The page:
Get educated, become a nurse, heal children and break the circle of poverty was all 14 year-old Lucas wanted. But since El Niño forced him to quit school life is full of uncertainty.
It began a year ago in rural Angola. It was a chilly morning when the young boy faced the terrible reality that he would no longer go to school. His family couldn’t pay the fees, they were all hungry, so there was little choice but for him to work.
“This lady comes to home looking for someone to work selling candy, biscuits and other stuff at the local market. I was at home, so I decided to go. If had a choice, I would go to school rather than selling stuff. All I want is to go back to school,” says Lucas.
He received the equivalent of USD $60 a month, but did not work for long. “I received salaries for the first two months and then the lady did not want to pay me. I did not receive anything for two months and I decided then to quit and stay home,” he said.
Lucus’ story is far from unique as Angola and other counties in Southern Africa experience their worst drought in decades. Widespread food shortages are not only leaving children hungry, but are also causing them to skip school, forcing them to work, separating them from their parents and worse.
In April, World Vision, PLAN International and UNICEF conducted a study across six countries in Southern Africa to determine specifically how children were suffering from the disaster. Child labour is believed to have increased since the start of the disaster, affecting more boys than girls. The study also reported a rising number of school dropouts, including 6,000 children dropping out of schools in Zimbabwe due to hunger or the need to help their families.
Families were migrating out of communities due to El Niño, mostly due to a lack of food. Parents commonly send their children away when there is not enough to eat and the problem affects children between 5-14 years old the most.
Southern Africa is the area worst hit by El Niño with an estimated 32 million people food insecure. To date, less than a fifth of the funds needed to respond to the El Niño disaster have been pledged by the international community. In Angola, 1.4 million people are affected by El Niño and in Southern Angola 78 percent of the population is affected. Half a million livestock have died over the last 18 months and cereal production is estimated to be 40 percent less than average.
Lucas’ father, Manuel, supports his family of ten with a small farm. The past two years have been particularly tough for them, first came the searing heat and then the rainy season was short. The drought devastated crops, leaving behind a trail of hunger. As consequence, the crops planted could not mature. In a good season, Manuel and his family could harvest around 300kg of different crops, but this year they only have around 100kg of maize, barely enough for a couple of months.
“I was a worker in a private sector and after a lost my job, I did not have a salary. All we have to live off is farming since I lost my job,” he says. “… my older son could not find the odds job he used to because people don’t have resources now.”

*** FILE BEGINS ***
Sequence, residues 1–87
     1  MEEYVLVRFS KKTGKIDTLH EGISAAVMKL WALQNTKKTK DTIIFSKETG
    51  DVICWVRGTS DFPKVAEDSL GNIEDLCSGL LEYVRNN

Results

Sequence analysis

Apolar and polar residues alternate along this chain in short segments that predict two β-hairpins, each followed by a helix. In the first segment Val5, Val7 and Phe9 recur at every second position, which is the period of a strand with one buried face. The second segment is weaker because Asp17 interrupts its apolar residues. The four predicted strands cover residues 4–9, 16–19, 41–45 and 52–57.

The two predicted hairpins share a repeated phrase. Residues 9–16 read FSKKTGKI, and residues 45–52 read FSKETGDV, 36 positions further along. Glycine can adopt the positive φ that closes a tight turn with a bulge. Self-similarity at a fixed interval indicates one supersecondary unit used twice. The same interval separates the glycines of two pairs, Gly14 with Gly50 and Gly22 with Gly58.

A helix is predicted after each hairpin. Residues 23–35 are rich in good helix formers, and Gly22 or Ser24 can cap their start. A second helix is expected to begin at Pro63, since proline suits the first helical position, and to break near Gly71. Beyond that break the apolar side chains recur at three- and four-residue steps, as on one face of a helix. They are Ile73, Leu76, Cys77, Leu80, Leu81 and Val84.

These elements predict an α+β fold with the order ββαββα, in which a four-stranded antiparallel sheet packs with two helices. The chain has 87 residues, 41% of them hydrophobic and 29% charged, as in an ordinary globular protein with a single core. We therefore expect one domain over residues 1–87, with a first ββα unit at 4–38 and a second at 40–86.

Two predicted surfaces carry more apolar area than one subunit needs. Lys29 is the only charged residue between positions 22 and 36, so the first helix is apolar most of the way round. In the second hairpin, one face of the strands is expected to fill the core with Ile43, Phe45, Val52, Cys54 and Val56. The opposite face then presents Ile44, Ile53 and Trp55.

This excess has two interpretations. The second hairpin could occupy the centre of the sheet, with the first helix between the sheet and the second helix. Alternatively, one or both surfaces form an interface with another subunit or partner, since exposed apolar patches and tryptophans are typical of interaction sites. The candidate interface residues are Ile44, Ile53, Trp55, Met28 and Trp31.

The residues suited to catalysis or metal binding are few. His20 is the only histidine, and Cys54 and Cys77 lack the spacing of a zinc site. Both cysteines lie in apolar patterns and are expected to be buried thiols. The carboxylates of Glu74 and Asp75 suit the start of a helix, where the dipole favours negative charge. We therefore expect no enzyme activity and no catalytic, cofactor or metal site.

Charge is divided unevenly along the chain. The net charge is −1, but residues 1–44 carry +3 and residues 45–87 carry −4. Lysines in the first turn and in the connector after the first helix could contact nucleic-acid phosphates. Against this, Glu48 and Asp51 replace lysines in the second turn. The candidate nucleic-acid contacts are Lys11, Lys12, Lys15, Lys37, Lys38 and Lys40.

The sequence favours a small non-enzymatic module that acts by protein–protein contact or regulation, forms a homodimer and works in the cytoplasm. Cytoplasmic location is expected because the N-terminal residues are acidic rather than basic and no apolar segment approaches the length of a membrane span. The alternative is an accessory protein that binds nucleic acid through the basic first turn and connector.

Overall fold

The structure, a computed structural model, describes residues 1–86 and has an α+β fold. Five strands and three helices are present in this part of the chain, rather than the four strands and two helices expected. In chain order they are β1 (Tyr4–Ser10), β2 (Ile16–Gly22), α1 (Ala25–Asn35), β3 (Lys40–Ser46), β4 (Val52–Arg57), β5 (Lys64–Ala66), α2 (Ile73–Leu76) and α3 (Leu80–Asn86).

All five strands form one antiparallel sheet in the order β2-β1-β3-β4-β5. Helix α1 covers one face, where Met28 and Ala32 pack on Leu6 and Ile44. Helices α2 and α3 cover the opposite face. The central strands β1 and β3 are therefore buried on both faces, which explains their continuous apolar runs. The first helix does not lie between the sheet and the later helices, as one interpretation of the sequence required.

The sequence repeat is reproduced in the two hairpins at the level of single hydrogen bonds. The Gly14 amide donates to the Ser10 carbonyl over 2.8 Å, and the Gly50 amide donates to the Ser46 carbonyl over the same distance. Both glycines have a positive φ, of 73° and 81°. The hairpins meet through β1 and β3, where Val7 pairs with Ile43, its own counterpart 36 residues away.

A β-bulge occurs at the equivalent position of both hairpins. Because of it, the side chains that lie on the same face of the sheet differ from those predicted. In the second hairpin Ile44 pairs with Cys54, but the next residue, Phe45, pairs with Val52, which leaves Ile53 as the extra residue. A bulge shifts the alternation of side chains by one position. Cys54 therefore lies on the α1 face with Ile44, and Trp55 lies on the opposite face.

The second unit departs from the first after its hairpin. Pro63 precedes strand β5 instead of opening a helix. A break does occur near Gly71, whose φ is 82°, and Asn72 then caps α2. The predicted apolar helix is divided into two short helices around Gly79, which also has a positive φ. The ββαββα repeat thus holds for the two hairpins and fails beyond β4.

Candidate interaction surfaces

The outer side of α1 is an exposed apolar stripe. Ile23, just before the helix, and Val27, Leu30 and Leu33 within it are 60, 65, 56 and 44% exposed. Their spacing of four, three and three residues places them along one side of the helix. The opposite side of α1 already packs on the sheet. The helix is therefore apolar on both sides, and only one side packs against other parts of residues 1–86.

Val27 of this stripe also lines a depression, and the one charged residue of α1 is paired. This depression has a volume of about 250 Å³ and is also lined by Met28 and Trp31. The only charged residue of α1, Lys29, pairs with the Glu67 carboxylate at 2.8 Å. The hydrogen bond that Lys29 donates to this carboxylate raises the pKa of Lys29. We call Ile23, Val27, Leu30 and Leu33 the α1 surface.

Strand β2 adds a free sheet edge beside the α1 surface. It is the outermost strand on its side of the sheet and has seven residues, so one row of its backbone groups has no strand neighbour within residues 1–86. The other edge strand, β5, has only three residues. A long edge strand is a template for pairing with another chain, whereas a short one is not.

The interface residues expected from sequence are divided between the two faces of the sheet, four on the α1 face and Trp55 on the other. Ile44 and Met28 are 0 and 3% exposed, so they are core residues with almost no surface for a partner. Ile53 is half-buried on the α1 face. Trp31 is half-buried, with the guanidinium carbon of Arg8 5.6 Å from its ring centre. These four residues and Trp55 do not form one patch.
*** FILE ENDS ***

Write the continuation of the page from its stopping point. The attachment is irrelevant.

In the back yard lies is a garden bed where the family has grows vegetables through the winter. “That is our hope as for now, but water is another challenge,” Manuel says. The family’s story is all too common across Southern Africa. Food insecurity in Angola and neighboring countries is set to worsen over the coming months.
To protect children in the midst of this disaster requires a combined effort among Governments and agencies. The report recommends that Donors ensure that organisations seeking funding clearly define how they have taken into account the risks to children, especially in the distribution of food and the provision of water, sanitation and hygiene. Governments who have declared emergencies should ensure that the protection of children is included in long-term recovery programmes such as skills development. School feeding programmes, which can help keep children in school and protected, need to be expanded and targeted feeding programmes should include school going children.
Agencies responding to the disaster could standardize the way that they respond to school drop-outs. For example, when a child is absent for three or more days, identify ways to bring children back into education. Successful programming linking Child Protection and Education need to be scaled-up and the funding must be made available.
Vulnerable to such situations, Lucas says would do it again because “I have no choice.” “With the money I received, I bought some clothes and the remaining I gave my family to buy food for us.” Although Lucas wants so much more than this life, today, he can’t see beyond his immediate needs. “All I wish is to have everything back to normal so that I can go back to school because I can only become a nurse if I study. With my salary I would by cattle and goats to breed and thus help family out of poverty.”
Amidst catastrophe there is often opportunity and the opportunity that is present is to find the means to protect children during this disaster. Although resources are scarce, but they must be found, not only to protect this generation of children, but future generations from the ever increasing number of climate disasters.